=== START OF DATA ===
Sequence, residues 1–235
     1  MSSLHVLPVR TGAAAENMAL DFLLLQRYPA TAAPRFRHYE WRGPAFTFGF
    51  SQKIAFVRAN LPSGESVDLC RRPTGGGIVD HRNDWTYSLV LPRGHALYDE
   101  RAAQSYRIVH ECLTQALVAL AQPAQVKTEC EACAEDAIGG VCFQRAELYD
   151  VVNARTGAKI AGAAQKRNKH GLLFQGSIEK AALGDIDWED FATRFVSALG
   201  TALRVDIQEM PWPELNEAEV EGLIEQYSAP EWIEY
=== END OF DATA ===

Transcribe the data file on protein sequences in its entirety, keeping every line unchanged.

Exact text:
Sequence, residues 1–235
     1  MSSLHVLPVR TGAAAENMAL DFLLLQRYPA TAAPRFRHYE WRGPAFTFGF
    51  SQKIAFVRAN LPSGESVDLC RRPTGGGIVD HRNDWTYSLV LPRGHALYDE
   101  RAAQSYRIVH ECLTQALVAL AQPAQVKTEC EACAEDAIGG VCFQRAELYD
   151  VVNARTGAKI AGAAQKRNKH GLLFQGSIEK AALGDIDWED FATRFVSALG
   201  TALRVDIQEM PWPELNEAEV EGLIEQYSAP EWIEY